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Grassfed Beef Tallow French Fries Recipe

Oh, the good ol' days, when fast food joints served up beef tallow fried french fries. Deliciously fluffy on the inside, crisp and golden on the outside. While it's near impossible to find a tallow fried french fry at a restaurant (thanks to the rise in cheap, processed seed oils)...it's surprisingly easy to make your own, at home! A lower temperature fry followed by a high temp fry is the key to crispy, yet fluffy french fries. Rendering beef tallow is super hands off and won't even take all day in the slow cooker. Grassfed tallow is liquid gold with a high smoke point, perfect for everything from deep frying french fries, chicken tenders, or searing a steak. It's an excellent source of CLA, a fatty acid rich in vitamins A, D, E, and K which has been shown to help increase fat loss. Ditch the processed stuff and kick it old school – grassfed tallow, baby!  

INGREDIENTS

INSTRUCTIONS

For the Tallow –

Using a sharp knife, cut the suet into small chunks. This is far easier to do when the fat is cold. In batches, add to a food processor or high-speed blender, and blend until finely ground. Add to slow cooker and continue this process until all suet has been ground.

Cook for 5-6 hours on low, until golden crispy bits are floating on the top of the rendered tallow. Prepare a stainless steel fine mesh strainer lined with cheesecloth over a very large spouted bowl or measuring cup, and pour the tallow into it. Discard the crispy bits. 

Transfer tallow to your preferred storage container – we prefer a parchment paper lined 9x13 pan (glass jars work great too but can be hard to get tallow out when cold). Allow the tallow to set for a couple of hours. It'll turn a creamy white color when solid. For longterm storage, lift tallow out of the pan by the edges of parchment paper and cut into squares. Store in a container or gallon sized bag in the fridge (though many store at room temperature) for about a year. If even longer term storage is required, you can freeze it. When using for deep frying, strain tallow when done cooking with it, and return to storage container for reuse.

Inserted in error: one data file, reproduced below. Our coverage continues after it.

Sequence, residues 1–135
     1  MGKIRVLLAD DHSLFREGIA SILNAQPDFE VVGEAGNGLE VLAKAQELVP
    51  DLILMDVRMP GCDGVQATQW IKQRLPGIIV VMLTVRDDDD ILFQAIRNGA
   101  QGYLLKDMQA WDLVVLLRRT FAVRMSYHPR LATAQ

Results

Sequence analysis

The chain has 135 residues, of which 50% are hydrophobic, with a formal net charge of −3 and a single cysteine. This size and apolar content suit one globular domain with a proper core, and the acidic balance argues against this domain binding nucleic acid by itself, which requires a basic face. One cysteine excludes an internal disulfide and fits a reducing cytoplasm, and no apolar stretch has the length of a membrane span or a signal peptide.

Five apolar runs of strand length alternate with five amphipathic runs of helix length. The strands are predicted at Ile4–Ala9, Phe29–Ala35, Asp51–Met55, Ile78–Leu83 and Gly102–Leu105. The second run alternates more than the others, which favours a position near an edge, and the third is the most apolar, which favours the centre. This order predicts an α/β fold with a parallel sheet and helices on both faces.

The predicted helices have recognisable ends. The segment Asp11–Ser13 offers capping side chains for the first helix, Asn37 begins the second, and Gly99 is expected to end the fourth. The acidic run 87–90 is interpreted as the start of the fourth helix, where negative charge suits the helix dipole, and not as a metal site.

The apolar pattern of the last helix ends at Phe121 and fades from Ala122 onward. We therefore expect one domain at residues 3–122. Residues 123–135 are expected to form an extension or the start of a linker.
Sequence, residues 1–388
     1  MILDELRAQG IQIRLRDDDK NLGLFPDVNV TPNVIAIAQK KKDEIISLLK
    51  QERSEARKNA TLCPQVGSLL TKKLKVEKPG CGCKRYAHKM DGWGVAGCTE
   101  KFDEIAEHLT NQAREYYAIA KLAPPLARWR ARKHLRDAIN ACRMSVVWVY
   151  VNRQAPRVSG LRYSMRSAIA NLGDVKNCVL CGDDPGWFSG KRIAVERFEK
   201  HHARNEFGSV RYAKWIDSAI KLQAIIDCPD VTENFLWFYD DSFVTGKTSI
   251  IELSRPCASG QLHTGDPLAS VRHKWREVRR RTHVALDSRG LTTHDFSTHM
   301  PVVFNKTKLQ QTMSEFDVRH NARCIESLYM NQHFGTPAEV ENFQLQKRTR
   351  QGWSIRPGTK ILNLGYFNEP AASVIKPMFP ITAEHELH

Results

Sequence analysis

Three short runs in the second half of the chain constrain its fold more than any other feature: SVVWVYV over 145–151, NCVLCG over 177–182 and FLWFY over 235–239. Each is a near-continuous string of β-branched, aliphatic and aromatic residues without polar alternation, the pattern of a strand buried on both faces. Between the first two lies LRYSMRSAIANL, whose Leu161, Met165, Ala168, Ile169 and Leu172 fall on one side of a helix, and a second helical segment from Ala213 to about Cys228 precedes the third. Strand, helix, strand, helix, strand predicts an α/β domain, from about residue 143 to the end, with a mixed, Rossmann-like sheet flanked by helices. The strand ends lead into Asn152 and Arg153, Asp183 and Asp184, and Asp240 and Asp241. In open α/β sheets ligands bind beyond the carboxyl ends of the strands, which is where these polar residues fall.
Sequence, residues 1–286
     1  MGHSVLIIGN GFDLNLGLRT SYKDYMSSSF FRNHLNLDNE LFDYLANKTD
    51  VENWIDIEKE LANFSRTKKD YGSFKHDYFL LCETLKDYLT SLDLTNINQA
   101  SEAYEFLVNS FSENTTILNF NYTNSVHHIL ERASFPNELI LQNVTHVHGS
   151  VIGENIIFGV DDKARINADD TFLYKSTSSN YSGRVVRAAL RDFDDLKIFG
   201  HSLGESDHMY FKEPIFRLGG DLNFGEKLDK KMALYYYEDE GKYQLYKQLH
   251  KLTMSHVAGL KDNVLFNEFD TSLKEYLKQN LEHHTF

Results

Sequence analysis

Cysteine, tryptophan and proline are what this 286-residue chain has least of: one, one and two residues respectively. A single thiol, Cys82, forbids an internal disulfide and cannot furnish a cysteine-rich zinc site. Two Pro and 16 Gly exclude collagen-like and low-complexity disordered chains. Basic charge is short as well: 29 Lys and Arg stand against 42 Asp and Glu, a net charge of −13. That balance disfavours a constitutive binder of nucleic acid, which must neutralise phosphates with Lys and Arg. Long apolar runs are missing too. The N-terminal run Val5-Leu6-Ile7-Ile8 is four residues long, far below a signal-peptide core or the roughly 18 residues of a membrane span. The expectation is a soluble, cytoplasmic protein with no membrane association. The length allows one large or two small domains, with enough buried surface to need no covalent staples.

For the French Fries –

Peel the sides of potatoes, leaving skin on the ends. Cut the potatoes into matchsticks (start with about 1/3 inch thick slices, then cut into sticks). 
Fill a large bowl with filtered water and soak potatoes for at least 30 minutes (up to 24 hours). This will help remove the excess starch from the potatoes, make them crispier after frying, and keep them from oxidizing.  Remove potatoes from the water to a clean kitchen towel and pat dry completely. 

Heat tallow in a heavy stock pot or dutch oven fitted with a deep-fry thermometer  to 325°F. We used about 5 cups of tallow, but this will vary on the size of your pot. 
Add about two small handfuls of potatoes to the tallow. There should be about one inch of fat above the potatoes. Par cook until potatoes are light brown, 5 to 8 minutes. Manage heat to maintain 325°F (temperature will drop when potatoes are added). Remove potatoes, gently shaking off excess tallow, and let drain on wire rack set over a sheet pan. Repeat until all of the potatoes are par cooked.
Raise the temperature of the tallow to 350°F

Cook potatoes again, a couple handfuls at a time, until golden brown, about two minutes. Remove from tallow, shake off excess fat, and add to a large bowl. Season with kosher salt while shaking the bowl. Repeat this process until all potatoes are cooked. Enjoy immediately!

We hope you love this recipe. If you’d like to share your delicious dish on Instagram, don’t forget to tag us @1915_Farm

P.S. If you love our grassfed beef suet – consider subscribing to the Grassroots Meat Club (ships free in TX, reduced in other states), which always allows you to add extras like beef suet or premium steaks.

Each Grassroots Meat Club box includes a variety of hand-selected grassfed and pasture raised meats, such as chicken breasts, chicken tenders, leg quarters, wings, thighs, drumsticks, whole chicken, ground beef, kabobs, stew meat, stir fry, cutlets, London broil (top round), beef roasts, beef ossobuco, short ribs, various sausages, pork roasts, pork chops, bacon, ground pork, fajita meat, country style ribs, spare ribs, and bacon!

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